[Editor’s Note: This review may contain spoilers]

Writer: Bryan Hill

Artist: Philippe Briones




Batman called Black Lightning to Gotham City for help with a specific case-but what is Batman hiding from Jefferson Pierce? It looks like he’s in touch with somebody from their mutual past, and he doesn’t want Black Lightning to know about it -and that operative might be in over their head!


The art in this issue by Briones is a masterpiece to look at, as if Alex Ross had a artistic doppelganger out in the universe. His artwork here feels like its Godsent, as each panel feels visceral and lifelike. Readers are treated to another excellent find by DC’s powers that be. Within the first few panels, we find Bruce Wayne at a philosophical crossroads trying to understand what Karma left behind for the Caped Crusader as he confides in his longest and most personal relationship of all, the father and son dynamic of him and Alfred. This is a welcome reprieve from the usual bravado the book tends to posture, as we get a rare heart to heart that Hill smartly writes. Another rare treat that Hill provides in the book, is how he mentions the concept of “memory palaces”, something that was explained in full in the TV show Sherlock, in a line where he recalls a lesson that Ra’s taught him about treating memory like a museum, a rare connection that proves Hill had done his homework on crime fiction.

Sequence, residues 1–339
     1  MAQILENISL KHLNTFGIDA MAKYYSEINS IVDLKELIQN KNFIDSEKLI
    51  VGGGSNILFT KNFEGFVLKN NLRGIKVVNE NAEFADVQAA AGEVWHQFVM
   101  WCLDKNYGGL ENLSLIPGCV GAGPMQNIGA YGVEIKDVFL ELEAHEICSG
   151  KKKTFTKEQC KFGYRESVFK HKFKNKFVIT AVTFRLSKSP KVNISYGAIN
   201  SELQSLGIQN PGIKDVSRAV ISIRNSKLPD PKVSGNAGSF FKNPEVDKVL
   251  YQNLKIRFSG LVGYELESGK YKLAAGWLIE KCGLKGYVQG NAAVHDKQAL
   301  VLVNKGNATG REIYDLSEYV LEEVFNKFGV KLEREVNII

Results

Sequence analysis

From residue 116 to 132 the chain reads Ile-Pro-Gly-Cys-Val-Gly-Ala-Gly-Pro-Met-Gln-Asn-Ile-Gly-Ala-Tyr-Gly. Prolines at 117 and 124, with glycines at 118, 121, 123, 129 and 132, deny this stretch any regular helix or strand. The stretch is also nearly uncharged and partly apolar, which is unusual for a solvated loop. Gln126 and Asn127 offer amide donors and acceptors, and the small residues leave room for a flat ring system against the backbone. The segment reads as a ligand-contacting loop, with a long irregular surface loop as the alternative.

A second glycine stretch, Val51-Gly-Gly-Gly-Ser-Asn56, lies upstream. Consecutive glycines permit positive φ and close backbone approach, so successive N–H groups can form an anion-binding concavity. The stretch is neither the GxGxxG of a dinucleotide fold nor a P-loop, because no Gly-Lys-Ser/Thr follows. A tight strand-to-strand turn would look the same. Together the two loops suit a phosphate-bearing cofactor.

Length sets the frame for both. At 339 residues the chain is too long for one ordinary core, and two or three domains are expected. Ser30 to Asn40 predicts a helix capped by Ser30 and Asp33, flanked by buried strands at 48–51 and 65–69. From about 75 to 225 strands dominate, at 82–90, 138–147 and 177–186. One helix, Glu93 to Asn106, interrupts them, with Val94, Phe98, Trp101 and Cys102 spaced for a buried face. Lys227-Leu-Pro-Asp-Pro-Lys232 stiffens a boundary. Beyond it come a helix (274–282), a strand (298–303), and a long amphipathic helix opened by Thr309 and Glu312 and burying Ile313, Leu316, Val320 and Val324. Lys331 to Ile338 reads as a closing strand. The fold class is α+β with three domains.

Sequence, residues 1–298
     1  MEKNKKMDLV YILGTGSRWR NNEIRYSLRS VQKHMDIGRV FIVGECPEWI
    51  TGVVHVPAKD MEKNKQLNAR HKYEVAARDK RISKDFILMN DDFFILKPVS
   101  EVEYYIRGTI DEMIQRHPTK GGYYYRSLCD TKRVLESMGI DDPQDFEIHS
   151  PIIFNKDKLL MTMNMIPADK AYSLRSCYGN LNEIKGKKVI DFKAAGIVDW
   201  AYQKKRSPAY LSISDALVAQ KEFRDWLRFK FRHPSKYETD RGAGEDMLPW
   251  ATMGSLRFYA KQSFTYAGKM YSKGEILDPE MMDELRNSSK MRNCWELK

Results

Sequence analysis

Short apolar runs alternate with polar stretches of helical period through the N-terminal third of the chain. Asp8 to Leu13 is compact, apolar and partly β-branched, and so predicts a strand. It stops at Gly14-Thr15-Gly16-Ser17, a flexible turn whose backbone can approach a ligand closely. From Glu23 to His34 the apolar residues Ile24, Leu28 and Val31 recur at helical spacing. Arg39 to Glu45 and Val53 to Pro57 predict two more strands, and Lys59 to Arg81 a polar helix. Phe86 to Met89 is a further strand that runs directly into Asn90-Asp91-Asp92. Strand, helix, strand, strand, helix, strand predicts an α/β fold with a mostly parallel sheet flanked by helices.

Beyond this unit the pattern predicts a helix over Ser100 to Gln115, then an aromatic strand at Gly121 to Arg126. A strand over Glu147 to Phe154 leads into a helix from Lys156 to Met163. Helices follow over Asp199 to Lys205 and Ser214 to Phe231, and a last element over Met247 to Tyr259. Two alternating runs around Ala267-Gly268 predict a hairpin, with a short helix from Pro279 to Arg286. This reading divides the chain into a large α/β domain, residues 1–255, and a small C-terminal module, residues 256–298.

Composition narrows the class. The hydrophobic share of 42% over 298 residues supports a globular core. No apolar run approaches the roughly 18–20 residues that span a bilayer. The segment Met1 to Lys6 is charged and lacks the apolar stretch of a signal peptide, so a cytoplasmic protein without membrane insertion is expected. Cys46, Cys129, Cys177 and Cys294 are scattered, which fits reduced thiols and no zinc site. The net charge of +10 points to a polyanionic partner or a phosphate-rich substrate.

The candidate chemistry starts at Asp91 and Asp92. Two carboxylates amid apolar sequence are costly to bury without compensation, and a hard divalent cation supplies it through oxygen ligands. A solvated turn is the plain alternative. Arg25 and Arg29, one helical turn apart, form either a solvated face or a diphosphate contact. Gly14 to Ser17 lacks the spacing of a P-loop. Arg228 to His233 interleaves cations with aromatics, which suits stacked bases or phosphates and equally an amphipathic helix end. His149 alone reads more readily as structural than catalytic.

We also find out exactly who Karma is and how he came to be, and as many great villains have been created, this one Batman came to create from his actions in an overseas mission. We also get to see the dynamic between Jefferson and the Bat Family’s young stalwarts, as he proves to be more of an unruly substitute teacher than quiet disciplinarian.

Lastly, Jefferson also tries to understand the reason why Bruce asked him to Gotham, trying to pry an answer from Alfred, who gives up not much in the way of an answer. This shows readers and longtime fans that sometimes Batman can ask for help, knowing that he is not as invincible as his superpowered friends.


There are no negatives worth mentioning in this issue.



This issue shows fans even more layers of Bruce Wayne, revealing a cavernous look into the Dark Knight, one which gives fans a better appreciation for how keen Bruce Wayne is and just how difficult it is for the character to operate in both worlds.

The story by Hill is a clever character study that both pushes the readers into uncomfortable spaces and illuminates those dark corridors of Bruce Wayne’s mind. The art by Briones is arresting and vivid. Altogether, a change in creative teams doesn’t slow the book down one bit, but instead provides for a beautiful change.


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